Ducks Suffer Ninth One-Goal Loss : Hockey: And the Sharks have accounted for four of them after scoring a 1-0 victory.


The Mighty Ducks lost to the San Jose Sharks on Saturday because the puck didn't bounce the way they thought it would.

It was as simple as that.

Each team played a grinding, defensive game, hoping for a break. When one came, San Jose pounced on it, then held on for a 1-0 victory before a sellout crowd of 17,190 at San Jose Arena.

Bob Errey scored on a power play at 2:23 of the second period. Todd Elik, standing in the right circle, started the play with a shot that bounced off of defenseman Bobby Dollas' skate to Pat Falloon on the left side of the net.

Falloon fanned on his first shot, then hit the goal post on his second. The puck flew to Errey, who was all alone back on the right side. He fanned once, then swatted the puck past goalie Guy Hebert.

"The puck never went where any of their guys wanted it to go, except into the back of the net," Hebert said after the Ducks lost to the Sharks for the second consecutive day and the fourth time this season--each time by one goal. It was their ninth one-goal loss of the season.

"We were saying we were snake-bitten a while ago. Now, I'd say we're Shark-bitten."

The teams' style of play ensured a low-scoring, tight-checking game. The Ducks had only 15 shots on goal, a season low, but one more than the Sharks managed.

"We had some chances and (Shark goalie) Arturs Irbe made the really big saves," Duck Coach Ron Wilson said. "Really, it's almost a nothing-nothing game. The goal they got wasn't what they intended. . . . Everybody (on defense) turned the wrong way, and fortunately for them they scored."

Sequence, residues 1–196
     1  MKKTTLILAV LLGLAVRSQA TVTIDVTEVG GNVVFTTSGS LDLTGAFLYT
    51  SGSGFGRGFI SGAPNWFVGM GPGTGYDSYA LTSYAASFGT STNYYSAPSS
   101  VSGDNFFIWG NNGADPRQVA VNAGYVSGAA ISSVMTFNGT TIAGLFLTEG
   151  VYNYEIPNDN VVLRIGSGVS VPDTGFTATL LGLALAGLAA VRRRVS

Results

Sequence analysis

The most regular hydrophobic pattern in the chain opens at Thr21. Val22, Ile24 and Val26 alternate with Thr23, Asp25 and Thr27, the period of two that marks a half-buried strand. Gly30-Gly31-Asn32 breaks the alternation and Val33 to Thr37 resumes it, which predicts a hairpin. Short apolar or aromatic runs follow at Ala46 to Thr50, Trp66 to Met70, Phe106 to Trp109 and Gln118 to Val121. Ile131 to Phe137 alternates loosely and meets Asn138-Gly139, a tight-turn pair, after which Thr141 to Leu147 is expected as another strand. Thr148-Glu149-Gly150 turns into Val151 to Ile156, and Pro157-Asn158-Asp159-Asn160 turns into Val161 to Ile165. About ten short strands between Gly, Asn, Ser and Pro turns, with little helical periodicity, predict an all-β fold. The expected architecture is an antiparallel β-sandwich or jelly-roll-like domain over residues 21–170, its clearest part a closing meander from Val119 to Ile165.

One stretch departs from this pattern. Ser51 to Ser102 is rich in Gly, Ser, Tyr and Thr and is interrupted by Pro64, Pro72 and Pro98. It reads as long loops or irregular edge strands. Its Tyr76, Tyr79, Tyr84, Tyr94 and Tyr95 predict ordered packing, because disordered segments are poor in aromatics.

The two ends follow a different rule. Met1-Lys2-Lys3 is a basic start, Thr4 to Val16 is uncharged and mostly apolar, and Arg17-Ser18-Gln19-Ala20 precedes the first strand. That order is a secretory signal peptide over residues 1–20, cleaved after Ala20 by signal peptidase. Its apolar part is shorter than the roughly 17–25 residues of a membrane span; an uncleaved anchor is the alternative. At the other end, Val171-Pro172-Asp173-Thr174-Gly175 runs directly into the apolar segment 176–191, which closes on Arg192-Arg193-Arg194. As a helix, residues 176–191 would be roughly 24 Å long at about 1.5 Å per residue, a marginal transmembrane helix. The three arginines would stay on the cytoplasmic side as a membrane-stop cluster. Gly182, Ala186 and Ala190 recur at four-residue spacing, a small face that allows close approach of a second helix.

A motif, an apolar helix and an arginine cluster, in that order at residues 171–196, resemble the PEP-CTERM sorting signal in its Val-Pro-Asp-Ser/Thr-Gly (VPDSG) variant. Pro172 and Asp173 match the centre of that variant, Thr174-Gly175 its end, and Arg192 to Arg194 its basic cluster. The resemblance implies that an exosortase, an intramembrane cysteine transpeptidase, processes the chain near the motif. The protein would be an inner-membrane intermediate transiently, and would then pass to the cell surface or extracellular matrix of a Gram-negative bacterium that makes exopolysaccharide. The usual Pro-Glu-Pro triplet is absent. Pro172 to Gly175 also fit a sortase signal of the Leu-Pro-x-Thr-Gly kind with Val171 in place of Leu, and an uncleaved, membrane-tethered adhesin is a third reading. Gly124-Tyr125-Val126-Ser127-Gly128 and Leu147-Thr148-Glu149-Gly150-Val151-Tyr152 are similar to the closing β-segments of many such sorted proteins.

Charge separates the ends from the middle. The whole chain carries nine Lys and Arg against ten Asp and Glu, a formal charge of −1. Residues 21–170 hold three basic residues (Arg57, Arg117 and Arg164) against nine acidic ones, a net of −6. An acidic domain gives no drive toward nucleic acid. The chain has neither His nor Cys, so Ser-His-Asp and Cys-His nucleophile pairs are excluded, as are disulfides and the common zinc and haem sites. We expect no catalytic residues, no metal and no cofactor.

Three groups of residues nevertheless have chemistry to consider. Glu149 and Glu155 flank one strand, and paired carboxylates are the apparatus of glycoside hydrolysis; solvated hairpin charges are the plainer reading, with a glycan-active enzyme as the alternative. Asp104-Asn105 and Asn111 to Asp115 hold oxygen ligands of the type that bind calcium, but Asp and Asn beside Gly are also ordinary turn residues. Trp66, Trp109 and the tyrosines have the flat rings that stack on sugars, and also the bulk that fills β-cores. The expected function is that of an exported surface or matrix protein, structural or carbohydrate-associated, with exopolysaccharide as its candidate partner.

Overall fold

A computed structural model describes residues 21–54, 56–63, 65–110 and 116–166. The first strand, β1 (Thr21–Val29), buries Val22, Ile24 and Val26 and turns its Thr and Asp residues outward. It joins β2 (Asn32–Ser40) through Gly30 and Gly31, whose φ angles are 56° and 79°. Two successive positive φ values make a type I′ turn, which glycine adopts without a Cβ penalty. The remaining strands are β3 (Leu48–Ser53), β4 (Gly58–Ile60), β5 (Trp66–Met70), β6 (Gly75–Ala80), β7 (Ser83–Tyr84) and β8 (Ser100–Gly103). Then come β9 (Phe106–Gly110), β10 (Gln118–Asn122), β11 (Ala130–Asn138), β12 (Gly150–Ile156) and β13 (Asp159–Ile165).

The Ducks might have had the play covered if the puck had traveled cleanly from Elik to Falloon to Errey.

Then again, Falloon might have beaten Hebert with the shot that wound up hitting the post.

In the end, the Ducks seemed eager to forget the way the game turned in San Jose's favor.

Wilson said he was pleased with the Ducks' play despite their lack of scoring chances.

Even Hebert didn't seem too troubled by the outcome.

"You can't get too down about how they won the game," he said. "Both teams were pretty tired and didn't want to open it up too much. There aren't too many games where you see the goalie let in only one goal and come away the loser."

Wilson juggled his lines often, particularly late in the game when he hoped something would click and the Ducks could tie the score.

"I was just trying to shake things up and get some fresh guys out there," he said. "I was trying to get them going."

Splitting up the Anatoli Semenov, Garry Valk, Peter Douris line--the Ducks' most effective with 39 points in the last 13 games--didn't work to start the game. Later, when Wilson reunited the three, they were ineffective.

"There were a couple of bad bounces," Wilson said. "We did a good job defensively. We kept them under 10 scoring chances both games. We just have to figure out a way of beating them."

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